“I am going back and [will] tell the North it must follow in the footsteps of the Progressives of Louisiana.”
—Theodore Roosevelt, Sept. 8, 1914.
“When Col. Roosevelt, Bull Moose, retired to his berth aboard a speeding Pullman at midnight Monday night, apparently, he was the happiest man in the nation,” The Times-Picayune reported the following day. The congressional midterm elections were only a couple of months away, and the former president was back on the trail, hoping to whip up support for a slate of candidates who promised to make life difficult for Democrat Woodrow Wilson. “Fourteen hours of most strenuous receptions, conversations, and orations had left him a tired [man]…. But those same fourteen hours had gone to confirm in his mind his belief that the Progressive party is about to achieve that dream of a quarter of a century, the breaking of the Solid South, and he was content.”
Two years before, in 1912, Theodore Roosevelt had fallen short in his bid for a political comeback and a then-unprecedented third term in the White House, this time running not as a Republican but as a member of his own party. He’d founded the Progressive Party, also known as the Bull Moose Party, after losing the Republican nomination to his handpicked successor in the White House, William Howard Taft.
He’d actually visited New Orleans before, once in 1905 at the beginning of his second term in the White House and again in 1912 for a brief stop during his campaign against Taft and Wilson.
But the Roosevelt who arrived in New Orleans at 7:50 a.m. on the morning of Monday, Sept. 7, 1914 was different. In the span of under two years, Teddy Roosevelt, who continues to hold the distinction of being the youngest person ever elected to the presidency, was suddenly, at the age of only 55, an old man.
Just four months earlier, Roosevelt had returned from South America, where he’d taken a harrowing expedition in search of an uncharted, mythical river, the River of Doubt, deep into the heart of the Amazonian darkness. The journey had nearly killed him, but it also had left no doubt about his status as an American icon.
At the time of his trip to New Orleans, he was arguably the most famous and most admired person in the entire country.
Initially, he planned on staying for less than a day, but when the state’s future governor, John M. Parker, a prominent New Orleans cotton broker and “the chief Progressive organizer in the South,” wrote a “passionate letter” urging him to also visit Louisiana’s third congressional district, also known as the “Sugar Bowl,” where, suddenly, there appeared to be an opportunity for Progressives to pick up a bunch of votes, Roosevelt agreed to extend his stay.
After a full day in New Orleans, capped off with a speech in front of a sold-out audience of 5,000 people at the French Opera House, he left by his private train the following morning for the small town of Franklin, where two out of every three residents had signed a petition urging him to visit.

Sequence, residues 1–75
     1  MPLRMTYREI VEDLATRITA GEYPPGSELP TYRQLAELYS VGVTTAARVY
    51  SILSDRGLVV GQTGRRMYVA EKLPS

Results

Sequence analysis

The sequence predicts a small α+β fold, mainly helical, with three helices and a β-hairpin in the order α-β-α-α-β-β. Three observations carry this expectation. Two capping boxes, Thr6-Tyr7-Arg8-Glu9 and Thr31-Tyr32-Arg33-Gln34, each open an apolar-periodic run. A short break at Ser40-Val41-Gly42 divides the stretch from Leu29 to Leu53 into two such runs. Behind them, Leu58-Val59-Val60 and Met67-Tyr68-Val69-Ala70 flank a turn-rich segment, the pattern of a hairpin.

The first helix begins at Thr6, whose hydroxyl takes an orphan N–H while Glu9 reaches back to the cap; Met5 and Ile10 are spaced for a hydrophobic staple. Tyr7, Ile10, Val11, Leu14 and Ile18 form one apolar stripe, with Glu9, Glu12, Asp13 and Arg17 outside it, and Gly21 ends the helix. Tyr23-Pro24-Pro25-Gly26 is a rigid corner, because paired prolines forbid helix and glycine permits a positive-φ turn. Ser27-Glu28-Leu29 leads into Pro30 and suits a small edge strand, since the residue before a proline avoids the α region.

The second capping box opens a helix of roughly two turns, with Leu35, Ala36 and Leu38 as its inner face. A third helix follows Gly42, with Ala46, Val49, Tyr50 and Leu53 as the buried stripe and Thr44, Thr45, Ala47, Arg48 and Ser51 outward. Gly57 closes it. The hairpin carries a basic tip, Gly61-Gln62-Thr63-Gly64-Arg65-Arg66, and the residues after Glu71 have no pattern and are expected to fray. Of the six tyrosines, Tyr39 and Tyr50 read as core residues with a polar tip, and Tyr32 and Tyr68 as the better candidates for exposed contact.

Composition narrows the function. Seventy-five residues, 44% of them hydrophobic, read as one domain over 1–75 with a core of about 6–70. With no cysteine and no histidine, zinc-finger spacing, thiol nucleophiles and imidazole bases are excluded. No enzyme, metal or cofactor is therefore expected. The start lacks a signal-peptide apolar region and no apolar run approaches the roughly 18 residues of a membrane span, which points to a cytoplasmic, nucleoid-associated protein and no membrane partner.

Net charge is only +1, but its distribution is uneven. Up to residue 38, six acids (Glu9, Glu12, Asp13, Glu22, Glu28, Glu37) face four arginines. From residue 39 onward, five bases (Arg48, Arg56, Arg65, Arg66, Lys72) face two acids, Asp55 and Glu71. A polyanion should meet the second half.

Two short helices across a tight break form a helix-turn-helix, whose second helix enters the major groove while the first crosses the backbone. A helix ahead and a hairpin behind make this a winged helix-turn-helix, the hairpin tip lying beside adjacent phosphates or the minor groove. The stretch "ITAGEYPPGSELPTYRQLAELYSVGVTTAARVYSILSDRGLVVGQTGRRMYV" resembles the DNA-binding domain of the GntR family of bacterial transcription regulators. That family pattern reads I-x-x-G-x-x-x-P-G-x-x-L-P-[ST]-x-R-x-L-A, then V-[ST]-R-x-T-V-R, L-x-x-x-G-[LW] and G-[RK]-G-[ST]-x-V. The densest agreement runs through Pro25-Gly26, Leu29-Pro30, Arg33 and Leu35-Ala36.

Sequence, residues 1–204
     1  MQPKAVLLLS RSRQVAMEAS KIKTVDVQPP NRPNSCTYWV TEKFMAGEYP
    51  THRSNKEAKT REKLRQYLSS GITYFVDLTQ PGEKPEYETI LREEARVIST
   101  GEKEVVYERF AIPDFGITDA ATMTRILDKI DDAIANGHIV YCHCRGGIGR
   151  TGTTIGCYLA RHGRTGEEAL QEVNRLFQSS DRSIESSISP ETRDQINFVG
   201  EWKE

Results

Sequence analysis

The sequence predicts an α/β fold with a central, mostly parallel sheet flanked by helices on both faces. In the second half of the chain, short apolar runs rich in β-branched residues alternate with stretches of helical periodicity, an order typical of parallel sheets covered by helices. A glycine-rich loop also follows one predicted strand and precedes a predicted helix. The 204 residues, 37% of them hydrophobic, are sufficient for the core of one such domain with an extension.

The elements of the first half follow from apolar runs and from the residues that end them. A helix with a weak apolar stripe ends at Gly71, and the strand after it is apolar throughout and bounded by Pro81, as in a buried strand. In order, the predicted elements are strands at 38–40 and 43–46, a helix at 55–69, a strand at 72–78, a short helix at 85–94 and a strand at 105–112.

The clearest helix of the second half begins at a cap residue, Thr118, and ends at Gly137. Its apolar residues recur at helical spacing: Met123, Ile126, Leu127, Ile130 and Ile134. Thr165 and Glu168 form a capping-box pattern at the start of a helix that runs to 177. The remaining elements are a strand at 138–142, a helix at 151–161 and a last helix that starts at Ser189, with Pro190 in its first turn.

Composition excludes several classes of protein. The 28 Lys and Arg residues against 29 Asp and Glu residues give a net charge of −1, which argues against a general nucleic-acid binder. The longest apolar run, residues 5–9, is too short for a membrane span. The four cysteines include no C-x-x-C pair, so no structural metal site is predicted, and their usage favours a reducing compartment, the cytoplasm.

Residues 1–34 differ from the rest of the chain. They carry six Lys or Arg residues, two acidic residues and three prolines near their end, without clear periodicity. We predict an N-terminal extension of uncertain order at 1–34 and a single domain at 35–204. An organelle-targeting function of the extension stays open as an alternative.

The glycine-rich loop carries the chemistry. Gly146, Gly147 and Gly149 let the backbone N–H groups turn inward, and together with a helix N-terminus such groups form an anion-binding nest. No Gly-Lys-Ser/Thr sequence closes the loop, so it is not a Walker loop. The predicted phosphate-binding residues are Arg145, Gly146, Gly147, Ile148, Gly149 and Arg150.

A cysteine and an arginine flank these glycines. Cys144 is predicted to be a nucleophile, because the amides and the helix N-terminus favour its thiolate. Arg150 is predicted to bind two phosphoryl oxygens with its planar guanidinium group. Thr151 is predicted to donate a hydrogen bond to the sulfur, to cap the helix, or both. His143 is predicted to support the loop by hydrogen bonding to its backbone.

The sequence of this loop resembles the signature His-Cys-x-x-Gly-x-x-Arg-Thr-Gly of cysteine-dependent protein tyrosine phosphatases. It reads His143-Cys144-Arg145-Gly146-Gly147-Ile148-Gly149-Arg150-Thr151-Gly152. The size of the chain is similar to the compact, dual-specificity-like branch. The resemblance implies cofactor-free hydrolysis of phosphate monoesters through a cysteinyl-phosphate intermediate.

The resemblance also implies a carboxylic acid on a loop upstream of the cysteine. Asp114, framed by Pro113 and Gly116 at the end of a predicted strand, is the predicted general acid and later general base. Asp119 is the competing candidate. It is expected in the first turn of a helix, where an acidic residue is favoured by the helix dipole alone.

From Franklin, he headed by car to New Iberia for a public speech. Along the way, he made a brief stop in Jeanerette. Several hundred people had gathered just to catch a glimpse of the former president. But nothing would compare to the reception that awaited him in New Iberia.
Mayor Alphe Fontelieu had organized a calvary of some 400 bandana-clad, mounted Rough Riders to intercept him in the outskirts of town.
“Colonel,” the mayor told him, “we have a horse for you and wish you to take command of our troop.” Roosevelt joyfully accepted and led the entourage into town where, according to news reports, a crowd estimated to be anywhere from 10,000 to 15,000 people packed the streets of downtown.
“Roosevelt addressed the crowd in sections because of its size,” wrote Richard Collins, a former history professor at LSU, in his 1971 article “Theodore Roosevelt’s Visit to New Orleans and the Progressive Campaign of 1914.” “He received his most enthusiastic applause when he concluded in French.”
On the way back to New Orleans that afternoon, he made more than 20 different stops, and in each town, massive crowds gathered for a chance to see the old Bull Moose in person.
While his two-day, nearly-nonstop visit to Louisiana was an undeniable success, it remained unclear whether his presence alone would be enough to ensure victories for the men running under his Progressive banner.
Only a day before his train pulled into the station at the foot of Canal, Louisiana Progressives had seemed hopelessly deadlocked as they met in New Iberia to select their party’s nominee for the third district. Finally, on the 119th ballot, a local judge, 47-year-old Whitmell Pugh Martin, emerged as the party’s choice. Prior to joining the bench, Whit Martin had been the area’s district attorney, and before that, he served as superintendent of schools. But despite his impressive resume, Martin faced an uphill battle in what was effectively a one-party state.
“When the first Louisiana Progressive convention met in New Orleans on August 3, 1912, most of the new Bull Moose were old Republicans from the sugar produ